Analysis: Handling the Stigma of Handling the Dead
I. Research Question
How do funeral directors and morticians handle the stigma that comes along with working with the dead? In the Introduction on page 73 the question ‘Who are these “death specialists” who handle dead bodies, and how do they handle the stigma that comes from handling the dead?’ is presented. This is the main question that Thompson wanted to answer in his research.
II. Theoretical Perspectives
Thompson uses idealism which is a qualitative approach to research. Before Thompson wrote his article, he prepared himself by gathering as much information as he could. He interviewed nineteen morticians and funeral directors. Thompson’s article shows two years of hard work and research.
Symbolic interactionism is found through out the article. Thompson discusses how funeral directors and morticians use certain words when dealing with family members to help with the grieving process (page 76). A funeral director told Thompson that “my hands tend to be cold and clammy”, cold is known as a symbol for death. There are many ‘fake ads’ that are spoken only between the workers (pg. 79). Sometimes people that work in a funeral home use symbols and fake ads, ‘The Buck Really Does Die Here’, to take the tension off and add humor.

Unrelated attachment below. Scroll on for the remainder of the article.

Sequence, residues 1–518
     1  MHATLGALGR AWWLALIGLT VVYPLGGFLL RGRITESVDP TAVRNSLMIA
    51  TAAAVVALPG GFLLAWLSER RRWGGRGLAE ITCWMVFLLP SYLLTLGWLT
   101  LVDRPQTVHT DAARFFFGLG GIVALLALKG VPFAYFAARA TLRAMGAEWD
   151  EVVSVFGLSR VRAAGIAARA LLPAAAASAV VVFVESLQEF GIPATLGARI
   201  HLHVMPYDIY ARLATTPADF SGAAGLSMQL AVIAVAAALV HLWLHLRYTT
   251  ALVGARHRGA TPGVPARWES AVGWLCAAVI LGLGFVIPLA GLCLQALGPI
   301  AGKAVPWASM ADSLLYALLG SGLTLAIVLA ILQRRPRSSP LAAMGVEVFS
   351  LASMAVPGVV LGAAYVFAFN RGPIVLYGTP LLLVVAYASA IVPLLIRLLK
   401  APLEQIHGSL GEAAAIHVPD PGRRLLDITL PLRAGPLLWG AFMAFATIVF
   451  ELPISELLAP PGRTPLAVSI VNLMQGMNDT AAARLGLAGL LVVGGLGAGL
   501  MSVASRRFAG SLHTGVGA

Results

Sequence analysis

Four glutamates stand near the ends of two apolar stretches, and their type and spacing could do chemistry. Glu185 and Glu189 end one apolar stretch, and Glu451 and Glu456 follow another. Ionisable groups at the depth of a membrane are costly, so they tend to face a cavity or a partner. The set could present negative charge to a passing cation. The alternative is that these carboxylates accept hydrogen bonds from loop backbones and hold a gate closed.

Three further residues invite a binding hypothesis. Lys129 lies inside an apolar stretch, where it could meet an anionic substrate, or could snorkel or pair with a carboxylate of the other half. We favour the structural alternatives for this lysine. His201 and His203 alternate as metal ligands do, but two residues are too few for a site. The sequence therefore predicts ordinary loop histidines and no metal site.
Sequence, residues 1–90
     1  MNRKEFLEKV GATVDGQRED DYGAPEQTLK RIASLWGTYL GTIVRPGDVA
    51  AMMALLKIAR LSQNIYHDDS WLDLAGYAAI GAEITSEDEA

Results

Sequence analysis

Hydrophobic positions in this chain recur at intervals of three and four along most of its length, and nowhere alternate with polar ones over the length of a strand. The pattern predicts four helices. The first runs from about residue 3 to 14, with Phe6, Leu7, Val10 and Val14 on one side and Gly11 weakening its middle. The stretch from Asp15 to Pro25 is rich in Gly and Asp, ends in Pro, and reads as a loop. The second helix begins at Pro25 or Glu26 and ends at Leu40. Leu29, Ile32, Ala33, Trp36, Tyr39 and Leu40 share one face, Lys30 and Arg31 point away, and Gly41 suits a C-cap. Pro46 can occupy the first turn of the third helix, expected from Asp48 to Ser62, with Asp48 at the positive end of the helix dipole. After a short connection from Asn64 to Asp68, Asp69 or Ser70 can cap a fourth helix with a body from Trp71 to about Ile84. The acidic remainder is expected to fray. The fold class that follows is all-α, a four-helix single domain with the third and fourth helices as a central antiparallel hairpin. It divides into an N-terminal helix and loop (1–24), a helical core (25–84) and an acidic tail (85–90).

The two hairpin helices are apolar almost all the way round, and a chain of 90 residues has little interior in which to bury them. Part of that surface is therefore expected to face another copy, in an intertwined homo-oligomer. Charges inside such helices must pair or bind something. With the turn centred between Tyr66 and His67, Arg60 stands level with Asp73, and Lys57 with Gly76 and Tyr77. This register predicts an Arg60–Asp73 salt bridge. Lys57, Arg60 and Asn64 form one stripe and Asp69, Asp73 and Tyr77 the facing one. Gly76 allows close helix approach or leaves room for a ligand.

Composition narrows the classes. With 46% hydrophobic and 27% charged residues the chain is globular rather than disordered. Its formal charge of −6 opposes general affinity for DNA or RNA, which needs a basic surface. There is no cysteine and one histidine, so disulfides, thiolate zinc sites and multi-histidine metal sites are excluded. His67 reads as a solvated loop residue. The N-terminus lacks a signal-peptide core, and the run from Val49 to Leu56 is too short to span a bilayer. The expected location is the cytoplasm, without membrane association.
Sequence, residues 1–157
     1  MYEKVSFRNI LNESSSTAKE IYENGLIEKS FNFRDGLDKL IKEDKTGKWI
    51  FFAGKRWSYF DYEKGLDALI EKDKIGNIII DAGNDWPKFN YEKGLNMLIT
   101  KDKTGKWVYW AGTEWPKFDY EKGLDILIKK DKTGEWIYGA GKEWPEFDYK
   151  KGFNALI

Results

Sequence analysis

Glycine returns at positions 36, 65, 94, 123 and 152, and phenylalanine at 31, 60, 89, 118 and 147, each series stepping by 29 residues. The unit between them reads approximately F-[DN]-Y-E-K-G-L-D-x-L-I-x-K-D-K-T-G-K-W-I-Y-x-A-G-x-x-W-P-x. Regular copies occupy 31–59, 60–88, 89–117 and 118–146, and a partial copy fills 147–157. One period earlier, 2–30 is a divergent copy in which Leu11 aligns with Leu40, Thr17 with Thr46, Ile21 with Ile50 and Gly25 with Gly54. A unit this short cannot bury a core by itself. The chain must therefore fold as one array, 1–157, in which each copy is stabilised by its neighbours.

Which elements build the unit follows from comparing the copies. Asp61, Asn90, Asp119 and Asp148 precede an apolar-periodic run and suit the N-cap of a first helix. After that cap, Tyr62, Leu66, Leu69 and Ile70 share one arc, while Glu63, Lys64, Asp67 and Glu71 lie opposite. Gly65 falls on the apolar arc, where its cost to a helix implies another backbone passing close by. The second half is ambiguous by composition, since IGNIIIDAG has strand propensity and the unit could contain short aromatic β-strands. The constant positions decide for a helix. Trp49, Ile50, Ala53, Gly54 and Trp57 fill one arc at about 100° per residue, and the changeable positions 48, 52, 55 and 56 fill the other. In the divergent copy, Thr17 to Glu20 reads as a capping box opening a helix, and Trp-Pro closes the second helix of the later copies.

Phenomenology is found in the article when Thompson goes into detail about the public’s assumptions of funeral directors. Thompson states that the public finds funeral directors to be ‘cold’, ‘unusual, if not downright weird’, ‘detached’, and ‘death-tainted’ (pg. 770). Due to the public view on people that work in a funeral home, one guy refuses to call himself an undertaker because he thinks it sounds to morbid. When dealing with public, funeral director must use politically correct language such as ‘passing on’ in place of ‘death’ and ‘deceased’ instead of ‘corpse’ (pg.76). Funeral directors try to stay away from words like ‘buy’ and ‘sell’ and replace them with ‘self-service’....